Inflation in the 19-nation eurozone softened slightly in June after expanding in May. Confirming its previous estimate, the European Union statistical office Eurostat announced the consumer prices in the eurozone rose by 0.2 percent year-on-year in June, while inflation recorded a 0.3 percent increase in May.
Core inflation, which excludes energy and unprocessed food prices, increased 0.8 percent in June compared to 0.9 percent in May.
According to Eurostat, restaurants and cafes, tobacco and rents had the biggest upward impact on the overall year-on-year inflation value in June. On the other hand, cheaper gas, heating oil and automotive fuel affected the index negatively. Energy costs fell 5.1 percent, while the drop was 4.8 percent in May.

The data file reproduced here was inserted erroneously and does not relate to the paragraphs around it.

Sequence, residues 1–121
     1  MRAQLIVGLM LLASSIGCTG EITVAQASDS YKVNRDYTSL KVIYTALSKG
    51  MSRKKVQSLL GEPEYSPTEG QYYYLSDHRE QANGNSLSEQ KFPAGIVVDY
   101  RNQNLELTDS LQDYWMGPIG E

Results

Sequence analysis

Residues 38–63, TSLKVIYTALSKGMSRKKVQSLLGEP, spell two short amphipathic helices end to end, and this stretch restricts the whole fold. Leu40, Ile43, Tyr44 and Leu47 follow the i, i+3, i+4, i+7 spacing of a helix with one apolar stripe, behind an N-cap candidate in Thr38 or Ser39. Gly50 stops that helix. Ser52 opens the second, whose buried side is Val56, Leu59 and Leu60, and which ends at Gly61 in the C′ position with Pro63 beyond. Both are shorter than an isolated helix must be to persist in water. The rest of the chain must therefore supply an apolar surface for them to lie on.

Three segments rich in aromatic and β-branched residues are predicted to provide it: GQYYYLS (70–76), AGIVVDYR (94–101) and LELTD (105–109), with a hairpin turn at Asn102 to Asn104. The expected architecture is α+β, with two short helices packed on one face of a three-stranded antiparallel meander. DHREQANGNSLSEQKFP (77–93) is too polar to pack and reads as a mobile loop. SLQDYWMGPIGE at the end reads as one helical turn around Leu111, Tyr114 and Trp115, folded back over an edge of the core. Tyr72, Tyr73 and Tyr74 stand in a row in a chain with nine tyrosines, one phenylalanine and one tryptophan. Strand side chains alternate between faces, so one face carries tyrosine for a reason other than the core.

The European Central Bank (ECB) aims to keep inflation below but close to 2 percent over the medium term. In order to achieve this, the ECB began a quantitative easing programme in March to stimulate the economy and avert the risk of deflation. Under this money-printing programme, the bank is buying government bonds and other assets to pump around €1 trillion into the economy. The programme is expected to last until September 2016.
In June, the inflation slowdown in Germany is considered to be a major reason for the weaker-than-expected inflation in the eurozone as a whole. Europe’s largest economy, Germany posted slower than expected inflation data in June with an decline of 0.1 percent on a monthly basis, while the year-on-year inflation is confirmed to rise 0.3 percent.